Oobah Butler’s brain works… Differently. Despite having no formal qualifications, he’s made a name for himself over the past few years by achieving against all odds with little in his pockets and a comical outside-of-the-box way of thinking. After discovering the world’s biggest travel website TripAdvisor wasn’t completely legitimate, he spent six months transforming his garden shed into the platform’s #1 restaurant, dominating world news and attracting over 100m views upon releasing a documentary about it. When struggling Zambian denim designer Georgio Peviani came into his life, Oobah adopted a persona and made headlines with his $20 jeans at Paris Fashion Week. Making films and writing both articles and a 2019 Los Angeles Times and #1 USA Today best-selling book about his endeavours, he has been hailed by as ‘a genre of one - a true artist’ by The Guardian’s Marina Hyde - but the truth is, it’s not so much as giving bullies a bloody nose as sticking a whoopie cushion under their chair.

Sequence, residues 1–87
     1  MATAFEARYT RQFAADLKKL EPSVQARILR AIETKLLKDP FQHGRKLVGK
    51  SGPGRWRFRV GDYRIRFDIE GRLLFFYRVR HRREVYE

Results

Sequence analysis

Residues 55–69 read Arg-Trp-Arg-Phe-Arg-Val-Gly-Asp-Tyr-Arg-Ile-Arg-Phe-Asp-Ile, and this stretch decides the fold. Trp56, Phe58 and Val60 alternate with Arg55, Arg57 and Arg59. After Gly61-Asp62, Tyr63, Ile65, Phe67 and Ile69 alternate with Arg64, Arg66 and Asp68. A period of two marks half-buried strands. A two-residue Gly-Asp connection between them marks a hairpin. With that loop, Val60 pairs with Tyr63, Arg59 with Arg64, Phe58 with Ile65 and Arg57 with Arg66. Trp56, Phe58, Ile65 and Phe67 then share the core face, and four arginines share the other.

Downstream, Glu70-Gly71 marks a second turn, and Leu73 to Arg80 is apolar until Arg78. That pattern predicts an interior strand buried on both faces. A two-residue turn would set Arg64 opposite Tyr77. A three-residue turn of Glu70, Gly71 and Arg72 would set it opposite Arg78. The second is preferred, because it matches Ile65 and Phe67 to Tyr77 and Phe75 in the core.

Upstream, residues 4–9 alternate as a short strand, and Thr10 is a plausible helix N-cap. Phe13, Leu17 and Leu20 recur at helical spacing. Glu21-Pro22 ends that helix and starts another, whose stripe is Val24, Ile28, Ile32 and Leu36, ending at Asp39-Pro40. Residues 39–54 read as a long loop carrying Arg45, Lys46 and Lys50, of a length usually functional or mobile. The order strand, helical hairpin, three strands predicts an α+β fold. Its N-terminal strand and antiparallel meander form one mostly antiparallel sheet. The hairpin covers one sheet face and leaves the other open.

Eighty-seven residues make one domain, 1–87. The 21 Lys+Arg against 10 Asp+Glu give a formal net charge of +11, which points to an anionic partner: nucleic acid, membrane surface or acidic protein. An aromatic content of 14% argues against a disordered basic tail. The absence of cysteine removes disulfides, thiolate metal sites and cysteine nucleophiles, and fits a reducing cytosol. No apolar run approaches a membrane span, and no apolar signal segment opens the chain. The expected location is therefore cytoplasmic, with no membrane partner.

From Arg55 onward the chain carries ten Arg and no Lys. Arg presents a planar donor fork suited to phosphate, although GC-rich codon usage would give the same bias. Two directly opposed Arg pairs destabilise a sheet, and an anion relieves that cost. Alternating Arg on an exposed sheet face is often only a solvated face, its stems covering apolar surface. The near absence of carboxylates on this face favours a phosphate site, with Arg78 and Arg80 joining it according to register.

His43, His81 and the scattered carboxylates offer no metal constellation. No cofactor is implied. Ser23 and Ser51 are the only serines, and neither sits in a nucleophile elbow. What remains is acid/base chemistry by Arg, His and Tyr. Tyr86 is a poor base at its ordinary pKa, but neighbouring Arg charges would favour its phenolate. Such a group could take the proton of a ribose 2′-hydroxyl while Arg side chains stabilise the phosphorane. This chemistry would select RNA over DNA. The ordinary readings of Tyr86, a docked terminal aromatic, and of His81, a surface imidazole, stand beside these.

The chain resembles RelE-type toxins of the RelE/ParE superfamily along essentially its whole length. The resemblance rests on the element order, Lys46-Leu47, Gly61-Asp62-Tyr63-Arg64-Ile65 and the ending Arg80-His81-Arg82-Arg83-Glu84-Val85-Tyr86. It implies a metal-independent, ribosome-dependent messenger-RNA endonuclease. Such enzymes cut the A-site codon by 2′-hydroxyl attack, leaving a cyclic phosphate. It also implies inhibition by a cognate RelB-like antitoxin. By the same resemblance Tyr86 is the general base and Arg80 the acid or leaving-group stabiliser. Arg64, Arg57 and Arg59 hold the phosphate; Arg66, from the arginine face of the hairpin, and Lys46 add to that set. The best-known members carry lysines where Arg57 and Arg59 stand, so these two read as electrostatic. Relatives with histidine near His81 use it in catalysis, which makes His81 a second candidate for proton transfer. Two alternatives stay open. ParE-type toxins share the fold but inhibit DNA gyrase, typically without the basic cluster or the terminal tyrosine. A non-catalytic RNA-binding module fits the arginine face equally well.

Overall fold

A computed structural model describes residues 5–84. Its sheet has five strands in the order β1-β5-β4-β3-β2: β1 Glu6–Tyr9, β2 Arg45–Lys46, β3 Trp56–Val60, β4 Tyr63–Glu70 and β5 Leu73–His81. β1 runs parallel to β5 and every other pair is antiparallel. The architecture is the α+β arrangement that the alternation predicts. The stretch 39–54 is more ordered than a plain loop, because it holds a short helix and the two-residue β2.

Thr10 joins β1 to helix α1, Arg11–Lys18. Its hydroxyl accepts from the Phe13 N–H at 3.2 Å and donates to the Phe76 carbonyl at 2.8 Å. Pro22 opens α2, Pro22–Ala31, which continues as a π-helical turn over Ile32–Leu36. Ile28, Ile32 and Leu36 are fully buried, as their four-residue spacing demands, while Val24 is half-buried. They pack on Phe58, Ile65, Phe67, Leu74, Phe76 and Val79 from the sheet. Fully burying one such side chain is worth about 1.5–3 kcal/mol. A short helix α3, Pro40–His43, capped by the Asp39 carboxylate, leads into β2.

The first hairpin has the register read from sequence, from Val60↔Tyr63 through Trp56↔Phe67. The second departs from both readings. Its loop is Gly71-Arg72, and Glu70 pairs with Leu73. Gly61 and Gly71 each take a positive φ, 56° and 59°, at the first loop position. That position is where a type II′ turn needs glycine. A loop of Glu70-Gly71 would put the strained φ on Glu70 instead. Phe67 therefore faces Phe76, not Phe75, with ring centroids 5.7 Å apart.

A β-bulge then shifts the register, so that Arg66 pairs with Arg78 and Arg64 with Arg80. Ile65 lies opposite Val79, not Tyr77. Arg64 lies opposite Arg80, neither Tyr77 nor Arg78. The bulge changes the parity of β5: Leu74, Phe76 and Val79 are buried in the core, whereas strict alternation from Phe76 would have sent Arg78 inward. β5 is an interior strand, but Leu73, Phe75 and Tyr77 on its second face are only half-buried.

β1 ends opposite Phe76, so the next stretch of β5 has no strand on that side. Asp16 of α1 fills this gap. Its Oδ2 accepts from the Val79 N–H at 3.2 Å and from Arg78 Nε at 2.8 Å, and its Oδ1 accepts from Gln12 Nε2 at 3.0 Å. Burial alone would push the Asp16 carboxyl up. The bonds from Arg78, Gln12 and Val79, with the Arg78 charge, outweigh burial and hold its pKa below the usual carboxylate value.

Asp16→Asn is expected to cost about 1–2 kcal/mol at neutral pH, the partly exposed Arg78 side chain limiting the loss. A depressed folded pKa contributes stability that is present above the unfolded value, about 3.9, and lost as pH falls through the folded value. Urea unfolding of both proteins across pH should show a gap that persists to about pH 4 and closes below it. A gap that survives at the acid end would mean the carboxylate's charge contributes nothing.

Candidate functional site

More recently, Oobah has been working with his ‘app’, which enables people to order lookalikes of themselves to do something either they don’t want to do or wish they could do a better job of. Thousands have contacted him for his help, most interestingly documented in his November 2020 VICE film, Sending A Lookalike to My High School Reunion. 29-year-old Baltimore resident Stephen Fasteau couldn’t bear moving back to his hometown after giving up on his dreams to be a musician, and be faced with old bullies, friends and crushes, so asked Oobah to find a better looking, more successful version of himself to attend in his place. The viral film which documented the evening and process is both heartwarming and hilarious, resulting in Oobah being hailed by the AV Club as “probably the best prankster working in the world today.” In March 2021, it was announced that Oobah would be co-hosting the first UK version of the hit American show, Catfish, alongside Julie Adenuga on MTV worldwide. “I can’t wait to travel around the country, meet people, and help them and better understand what it is about society that drives people to feel so inadequate that they cannot be themselves.” Butler said.